McIlory issues putter plea

World No 1 Rory McIlroy has called for unity over the proposed rule changes on putting which are threatening to split the game.

Golf's governing bodies, the R&A and USGA, last year announced the proposed changes which would outlaw the use of anchored putters from 2016.

A 90-day consultation period for views on the rule changes to be expressed expires on Thursday but both the PGA Tour and the PGA of America oppose the move.

That raises the prospect of different rules being applied at different events and while McIlroy has previously stated he supports the ban, when speaking ahead of his defence of the Honda Classic, he appeared more concerned that rules are consistent across all competitions.

"I saw what (PGA Tour commissioner)Tim Finchem had to say and it seems like the European Tour is going to go a different way," McIlroy said.

"I read a thing Monty (Colin Montgomerie) said that this divide isn't good for golf and I don't think it is. We either need to all be on one side or the other.

"It's up to the governing bodies at the end of the day to decide. I sort of think it was a bit of a knee-jerk reaction to how much success people were having with it (players using long putters have won three of the last five majors).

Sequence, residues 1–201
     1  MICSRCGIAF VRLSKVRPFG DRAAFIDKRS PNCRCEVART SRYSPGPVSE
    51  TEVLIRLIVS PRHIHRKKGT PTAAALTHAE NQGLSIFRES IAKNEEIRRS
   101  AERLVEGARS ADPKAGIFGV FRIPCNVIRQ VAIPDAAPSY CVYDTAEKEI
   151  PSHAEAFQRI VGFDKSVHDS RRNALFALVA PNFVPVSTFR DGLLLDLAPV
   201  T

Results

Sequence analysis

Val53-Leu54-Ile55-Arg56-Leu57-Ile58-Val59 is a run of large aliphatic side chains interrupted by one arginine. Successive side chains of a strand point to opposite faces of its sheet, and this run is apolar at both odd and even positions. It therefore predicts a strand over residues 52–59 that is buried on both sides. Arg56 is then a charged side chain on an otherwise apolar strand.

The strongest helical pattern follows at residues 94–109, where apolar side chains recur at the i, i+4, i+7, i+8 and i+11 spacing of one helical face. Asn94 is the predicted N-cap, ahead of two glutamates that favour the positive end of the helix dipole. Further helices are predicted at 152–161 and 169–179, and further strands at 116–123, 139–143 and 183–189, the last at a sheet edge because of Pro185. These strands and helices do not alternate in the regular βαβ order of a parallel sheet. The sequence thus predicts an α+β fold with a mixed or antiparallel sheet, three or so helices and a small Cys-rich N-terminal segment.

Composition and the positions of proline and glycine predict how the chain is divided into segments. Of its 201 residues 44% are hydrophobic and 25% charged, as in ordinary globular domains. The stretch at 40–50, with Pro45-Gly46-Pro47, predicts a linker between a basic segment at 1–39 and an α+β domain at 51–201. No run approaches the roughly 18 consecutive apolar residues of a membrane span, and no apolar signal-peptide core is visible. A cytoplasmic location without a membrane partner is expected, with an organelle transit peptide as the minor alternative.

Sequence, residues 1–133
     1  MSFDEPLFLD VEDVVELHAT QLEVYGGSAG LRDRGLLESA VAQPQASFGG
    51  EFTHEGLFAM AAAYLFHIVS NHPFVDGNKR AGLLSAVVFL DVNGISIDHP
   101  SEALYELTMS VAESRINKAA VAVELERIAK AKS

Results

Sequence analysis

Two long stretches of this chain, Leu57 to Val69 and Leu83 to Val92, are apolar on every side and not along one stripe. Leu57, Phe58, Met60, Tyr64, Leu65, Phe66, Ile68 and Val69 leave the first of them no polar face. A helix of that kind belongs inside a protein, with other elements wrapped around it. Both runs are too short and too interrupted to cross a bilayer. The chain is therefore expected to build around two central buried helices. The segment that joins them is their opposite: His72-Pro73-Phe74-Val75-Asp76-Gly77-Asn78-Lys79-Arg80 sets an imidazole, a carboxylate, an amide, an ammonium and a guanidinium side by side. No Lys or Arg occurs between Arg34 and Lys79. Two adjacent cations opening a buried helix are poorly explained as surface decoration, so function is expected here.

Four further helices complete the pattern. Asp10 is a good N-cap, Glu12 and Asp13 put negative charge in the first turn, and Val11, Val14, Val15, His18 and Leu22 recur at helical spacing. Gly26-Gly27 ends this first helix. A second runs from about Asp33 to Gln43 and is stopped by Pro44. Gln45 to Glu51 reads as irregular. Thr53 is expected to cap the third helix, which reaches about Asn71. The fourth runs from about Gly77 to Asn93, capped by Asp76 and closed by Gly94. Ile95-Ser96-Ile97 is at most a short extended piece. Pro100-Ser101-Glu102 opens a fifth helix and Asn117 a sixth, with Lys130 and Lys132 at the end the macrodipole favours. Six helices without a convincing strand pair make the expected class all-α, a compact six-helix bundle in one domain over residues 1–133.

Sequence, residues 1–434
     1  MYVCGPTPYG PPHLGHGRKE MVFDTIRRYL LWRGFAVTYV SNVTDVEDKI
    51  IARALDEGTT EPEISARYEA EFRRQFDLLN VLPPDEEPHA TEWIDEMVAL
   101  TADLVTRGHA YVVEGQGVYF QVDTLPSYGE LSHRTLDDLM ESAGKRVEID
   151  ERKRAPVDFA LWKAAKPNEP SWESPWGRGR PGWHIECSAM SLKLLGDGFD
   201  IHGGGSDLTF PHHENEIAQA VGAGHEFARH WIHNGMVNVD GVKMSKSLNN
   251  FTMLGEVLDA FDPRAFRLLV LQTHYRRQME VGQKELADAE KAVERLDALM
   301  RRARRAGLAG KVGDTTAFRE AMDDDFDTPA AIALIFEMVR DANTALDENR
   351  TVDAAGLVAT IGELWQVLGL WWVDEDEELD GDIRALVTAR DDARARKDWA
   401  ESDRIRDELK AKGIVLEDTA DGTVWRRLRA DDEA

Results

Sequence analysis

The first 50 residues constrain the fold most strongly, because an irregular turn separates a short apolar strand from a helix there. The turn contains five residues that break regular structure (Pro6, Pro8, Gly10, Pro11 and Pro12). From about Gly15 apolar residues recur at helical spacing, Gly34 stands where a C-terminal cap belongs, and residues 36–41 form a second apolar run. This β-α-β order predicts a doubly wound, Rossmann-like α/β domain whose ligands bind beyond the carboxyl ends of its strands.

"I'm all for people enjoying the game and trying to make the game as easy as possible and bringing people to the game, and if that means they should allow anchored putters to make it easier for the general public then that's a good thing.

"But then they talk about bifurcation, whether you should have one set of rules for us and one set for the amateurs and it's just a bit of a mess and opened a can of worms."

Asked if he thought the PGA Tour should go along with the USGA, McIlroy added: "I would. We have put the game of golf in the hands of the R&A and USGA for I don't know how many years and have always abided by the rules that they've set and I don't think there should be any difference."

And if that means allowing long putters, McIlroy appeared relaxed on the issue.

He said: "If it were up to me, whatever decision the USGA comes to, maybe the pressure the PGA Tour has put on them, they might change their minds and rethink about it, and if they do that it's totally fine with me."